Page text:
Pod inspired Donald’s rise to fame
Luke Donald credits Padraig Harrington as the inspiration behind his capture of the World No 1 crown.
Luke Donald credits Padraig Harrington as the inspirational figure behind his capture of the World No 1 crown. – and Jack Nicklaus isn’t surprised that Donald has made it.
These are two of the most interesting observations to have come out of pre-tournament interviews ahead of this week’s Memorial Tournament at the Golden Bear’s pride and joy, Muirfield Village.
Nicklaus more than backed up Donald’s passing reference to a lot of hard work by telling Associated Press: “There isn’t anybody I’ve seen who spends more time working on his golf game than Luke Donald. And he spends his time chipping and putting, chipping and putting. I mean, he wears out the practice greens.
“And I think that the effort he has put into it has been rewarded.”
And the owner of a record 18 Majors should know.
Nicklaus makes a point of offering membership of his Bear’s Club in Florida to most tour players who move to Palm Beach County and has personally seen the laid-back Englishman at work and credits a lot of factors for the rise to the top of a man once called “Mr Plod” – hard work, a better mental attitude, even a personal diary.
The rewards are perhaps more than even Donald once would have dreamed of, but by winning the BMW PGA Championship at Wentworth in a playoff against fellow Englishman Lee Westwood, he became only the 15th player to reach the summit on the World Rankings list in the 25 years since it was established.
And if anything has inspired him to aim for the top and to actually get there, it was Irish icon Padraig Harrington, currently battling with injury in the midst of a 2-year winless drought.
Whilst reading himself to make his debut as the World No 1 at this Week’s Memorials where he’ll be up against Masters champions Phil Mickelson and Charl Schwartzel as well as some of the seasons hot shots like Americans Dustin Johnson, Nick Watney and Steve Stricker and international stars of the calibre of Rory McIlroy and KJ Choi, Donald said that three-time Major winner Harrington had been the single figure that most inspired him.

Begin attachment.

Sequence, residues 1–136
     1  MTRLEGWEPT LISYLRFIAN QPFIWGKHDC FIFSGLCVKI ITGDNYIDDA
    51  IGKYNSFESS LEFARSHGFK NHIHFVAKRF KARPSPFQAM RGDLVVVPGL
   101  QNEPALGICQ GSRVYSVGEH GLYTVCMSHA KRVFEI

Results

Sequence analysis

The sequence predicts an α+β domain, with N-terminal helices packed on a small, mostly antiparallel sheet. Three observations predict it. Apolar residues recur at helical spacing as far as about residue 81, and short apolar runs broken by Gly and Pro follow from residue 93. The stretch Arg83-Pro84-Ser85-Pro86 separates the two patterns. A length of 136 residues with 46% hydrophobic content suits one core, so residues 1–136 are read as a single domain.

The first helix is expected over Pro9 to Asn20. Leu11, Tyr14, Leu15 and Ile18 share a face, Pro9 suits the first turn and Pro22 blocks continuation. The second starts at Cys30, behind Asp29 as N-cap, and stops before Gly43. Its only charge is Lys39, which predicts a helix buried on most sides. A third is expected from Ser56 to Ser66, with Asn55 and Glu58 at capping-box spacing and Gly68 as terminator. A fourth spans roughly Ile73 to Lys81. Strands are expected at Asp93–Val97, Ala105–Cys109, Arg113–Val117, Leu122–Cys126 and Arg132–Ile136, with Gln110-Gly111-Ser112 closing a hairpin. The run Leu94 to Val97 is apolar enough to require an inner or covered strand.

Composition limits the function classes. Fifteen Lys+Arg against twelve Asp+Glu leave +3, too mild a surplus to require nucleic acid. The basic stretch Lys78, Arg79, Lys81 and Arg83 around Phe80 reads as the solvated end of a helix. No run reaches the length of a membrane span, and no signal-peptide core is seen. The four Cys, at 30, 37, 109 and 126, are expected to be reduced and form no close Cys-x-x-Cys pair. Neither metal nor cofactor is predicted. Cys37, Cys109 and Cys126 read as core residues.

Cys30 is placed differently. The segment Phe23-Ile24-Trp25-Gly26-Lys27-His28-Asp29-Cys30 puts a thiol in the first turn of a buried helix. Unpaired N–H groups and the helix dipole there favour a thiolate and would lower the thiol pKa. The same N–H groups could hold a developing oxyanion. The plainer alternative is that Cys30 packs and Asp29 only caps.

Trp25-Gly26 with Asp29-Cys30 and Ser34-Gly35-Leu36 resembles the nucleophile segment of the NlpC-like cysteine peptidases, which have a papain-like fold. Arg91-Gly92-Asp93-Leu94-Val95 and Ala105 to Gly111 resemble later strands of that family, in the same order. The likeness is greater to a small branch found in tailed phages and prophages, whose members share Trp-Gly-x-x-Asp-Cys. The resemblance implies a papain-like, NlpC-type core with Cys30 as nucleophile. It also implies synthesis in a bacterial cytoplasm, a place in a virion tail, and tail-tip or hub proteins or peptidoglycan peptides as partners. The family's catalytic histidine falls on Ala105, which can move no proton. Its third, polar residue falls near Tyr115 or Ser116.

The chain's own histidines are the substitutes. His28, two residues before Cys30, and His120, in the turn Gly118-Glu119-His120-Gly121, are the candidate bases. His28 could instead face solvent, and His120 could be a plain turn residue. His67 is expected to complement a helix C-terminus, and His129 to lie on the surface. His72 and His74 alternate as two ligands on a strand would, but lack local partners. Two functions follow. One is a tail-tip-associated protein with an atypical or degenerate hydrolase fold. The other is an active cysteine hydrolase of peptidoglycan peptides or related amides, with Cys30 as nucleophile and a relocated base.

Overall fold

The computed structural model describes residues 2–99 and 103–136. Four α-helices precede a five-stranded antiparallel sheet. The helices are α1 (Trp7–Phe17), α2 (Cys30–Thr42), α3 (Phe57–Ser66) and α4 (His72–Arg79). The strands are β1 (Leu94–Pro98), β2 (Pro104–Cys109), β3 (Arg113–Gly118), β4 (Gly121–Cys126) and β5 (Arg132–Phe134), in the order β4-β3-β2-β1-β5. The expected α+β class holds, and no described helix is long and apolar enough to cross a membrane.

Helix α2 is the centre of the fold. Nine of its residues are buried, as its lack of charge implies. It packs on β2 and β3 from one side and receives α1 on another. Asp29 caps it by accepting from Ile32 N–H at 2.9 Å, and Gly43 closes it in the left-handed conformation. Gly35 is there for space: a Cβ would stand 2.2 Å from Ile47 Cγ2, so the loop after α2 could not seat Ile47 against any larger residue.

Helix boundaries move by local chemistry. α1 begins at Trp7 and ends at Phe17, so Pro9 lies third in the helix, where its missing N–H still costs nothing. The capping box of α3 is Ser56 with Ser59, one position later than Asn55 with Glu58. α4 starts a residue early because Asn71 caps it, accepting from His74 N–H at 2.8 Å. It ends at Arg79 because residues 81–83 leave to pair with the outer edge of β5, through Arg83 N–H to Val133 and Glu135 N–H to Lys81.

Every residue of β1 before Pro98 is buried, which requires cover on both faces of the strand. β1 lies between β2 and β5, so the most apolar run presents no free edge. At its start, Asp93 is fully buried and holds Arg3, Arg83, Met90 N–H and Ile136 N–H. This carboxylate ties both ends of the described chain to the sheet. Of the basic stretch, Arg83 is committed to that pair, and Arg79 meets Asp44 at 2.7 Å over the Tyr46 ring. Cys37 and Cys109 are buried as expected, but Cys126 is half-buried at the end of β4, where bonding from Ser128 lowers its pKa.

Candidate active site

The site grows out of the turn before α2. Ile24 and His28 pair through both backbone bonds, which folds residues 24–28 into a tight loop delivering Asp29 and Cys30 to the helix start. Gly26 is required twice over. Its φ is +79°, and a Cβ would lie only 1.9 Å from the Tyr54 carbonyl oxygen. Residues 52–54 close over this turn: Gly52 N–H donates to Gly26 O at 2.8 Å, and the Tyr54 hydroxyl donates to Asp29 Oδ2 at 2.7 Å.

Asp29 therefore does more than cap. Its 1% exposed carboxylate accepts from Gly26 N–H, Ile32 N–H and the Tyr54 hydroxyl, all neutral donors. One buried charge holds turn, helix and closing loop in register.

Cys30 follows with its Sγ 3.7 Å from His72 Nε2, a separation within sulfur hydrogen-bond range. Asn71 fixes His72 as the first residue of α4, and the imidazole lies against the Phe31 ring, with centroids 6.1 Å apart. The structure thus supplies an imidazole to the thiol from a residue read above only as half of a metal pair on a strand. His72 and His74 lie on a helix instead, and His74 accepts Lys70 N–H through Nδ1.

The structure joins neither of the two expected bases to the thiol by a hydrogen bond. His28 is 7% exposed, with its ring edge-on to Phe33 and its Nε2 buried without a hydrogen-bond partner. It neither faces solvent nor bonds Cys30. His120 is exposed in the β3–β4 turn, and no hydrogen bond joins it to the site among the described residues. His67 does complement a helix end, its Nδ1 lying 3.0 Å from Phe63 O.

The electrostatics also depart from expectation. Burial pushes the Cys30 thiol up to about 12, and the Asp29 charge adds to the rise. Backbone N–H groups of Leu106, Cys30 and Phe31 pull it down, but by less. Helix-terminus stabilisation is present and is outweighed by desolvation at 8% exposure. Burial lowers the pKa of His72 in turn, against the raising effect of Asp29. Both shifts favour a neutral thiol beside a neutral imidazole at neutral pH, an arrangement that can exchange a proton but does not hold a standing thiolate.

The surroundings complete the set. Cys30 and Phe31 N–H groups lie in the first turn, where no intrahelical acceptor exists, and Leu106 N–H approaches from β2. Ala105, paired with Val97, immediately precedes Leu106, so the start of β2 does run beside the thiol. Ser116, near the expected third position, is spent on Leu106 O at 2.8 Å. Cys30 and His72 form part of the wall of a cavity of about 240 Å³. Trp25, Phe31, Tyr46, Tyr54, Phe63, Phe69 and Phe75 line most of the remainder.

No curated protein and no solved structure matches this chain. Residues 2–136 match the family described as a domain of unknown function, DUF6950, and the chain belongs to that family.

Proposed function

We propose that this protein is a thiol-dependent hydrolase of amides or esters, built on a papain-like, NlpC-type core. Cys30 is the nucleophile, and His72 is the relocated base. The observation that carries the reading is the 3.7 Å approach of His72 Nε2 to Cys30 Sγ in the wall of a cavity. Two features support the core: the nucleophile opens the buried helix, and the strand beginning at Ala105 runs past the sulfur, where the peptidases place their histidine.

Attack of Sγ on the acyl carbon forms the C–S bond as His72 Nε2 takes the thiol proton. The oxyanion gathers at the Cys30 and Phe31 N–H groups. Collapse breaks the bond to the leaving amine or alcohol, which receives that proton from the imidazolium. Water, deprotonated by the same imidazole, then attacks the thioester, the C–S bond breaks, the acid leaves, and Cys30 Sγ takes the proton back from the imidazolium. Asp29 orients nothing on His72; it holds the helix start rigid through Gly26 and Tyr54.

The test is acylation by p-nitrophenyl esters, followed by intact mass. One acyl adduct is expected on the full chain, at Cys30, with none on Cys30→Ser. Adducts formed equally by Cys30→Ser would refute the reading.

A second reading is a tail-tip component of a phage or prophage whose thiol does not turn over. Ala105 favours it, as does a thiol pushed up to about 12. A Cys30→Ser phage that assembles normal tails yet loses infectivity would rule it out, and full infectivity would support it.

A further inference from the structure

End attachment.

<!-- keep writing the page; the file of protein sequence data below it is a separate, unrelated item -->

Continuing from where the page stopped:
“I think you need one guy to kind of inspire a generation to follow in their footsteps,” Donald said. “For me I guess that was probably Padraig Harrington winning his three majors back in 2007 and 2008, while I was probably on the couch in a sling.”
Back in 2008, Donald was recovering from a wrist injury he suffered at the 2008 US Open and needed surgery to repair a tendon. He was given another scare at the 2009 Accenture Match Play Championship, when he had to withdraw after feeling pain in his wrist.
Luckily for Donald, the pain was only caused by scar tissue and not anything more serious, but while he was sidelined, Harrington was having a spectacular run of success in the Majors, winning the 2007 and 2008 Open Championships as well as the 2008 PGA Championship.
“When you’re around people that you’re pretty familiar with and see that they are accomplishing great things, it sets a little bit of a fire in your belly that if they can do it, so can you,” Donald said.
“I think we’ve got to thank his successes for this great run in European golf.”
Donald is the third European to be ranked No. 1 in less than a year, but it is Lee Westwood and Germany’s Martin Kaymer, not Harrington, who preceded him
Maybe Harrington, another of golf’s most industrious workers, can in turn now take some inspiration from the way Donald was able to shrug away injury and come back in the spectacular way that he has.
Donald’s victory in the European Tour’s flagship BMW PGA championship last week was his second win in three months against a world-class field – the first was at The WGC Accenture Match Play – and together with a playoff loss at Hilton Head and another runner-up finish in the World Match Play Championship in Spain. Donald hasn’t finished out of the top 10 – a streak of nine tournaments – since he missed the cut at Riviera in his return from a three-month winter break.
“Yes I do,” Donald said when asked if he felt like a World No 1.
“I think the way that the world rankings are, consistency is highly weighted. If you can keep playing well week in and week out, keep earning those points, then you’re going to climb in the world rankings. And I don’t think there’s anybody who has been more consistent in the last nine months than me.”
Donald admits that the unexpected fall of Tiger Woods had made a difference in the upper echelons of golf, if only because it made a lot more adversaries feel that the now had a fighting chance to go all the way to the top.
“As a kid you dream about winning majors and winning tournaments,” he said. “But for me, I always kept an eye out on the world rankings and had an interest in it. But I supposed for the bulk of my career, Tiger was so far ahead that it never really crept into my mind.
“But in the last year or so, there’s been an upheaval in the rankings, and there’s been a lot more movement. So I knew the opportunity was there.”
Woods, now 13th in the World Rankings, is not playing in the Memorial this week but hopes to have recovered from an old-tie ankle injury in time to play in the US Open later this month.
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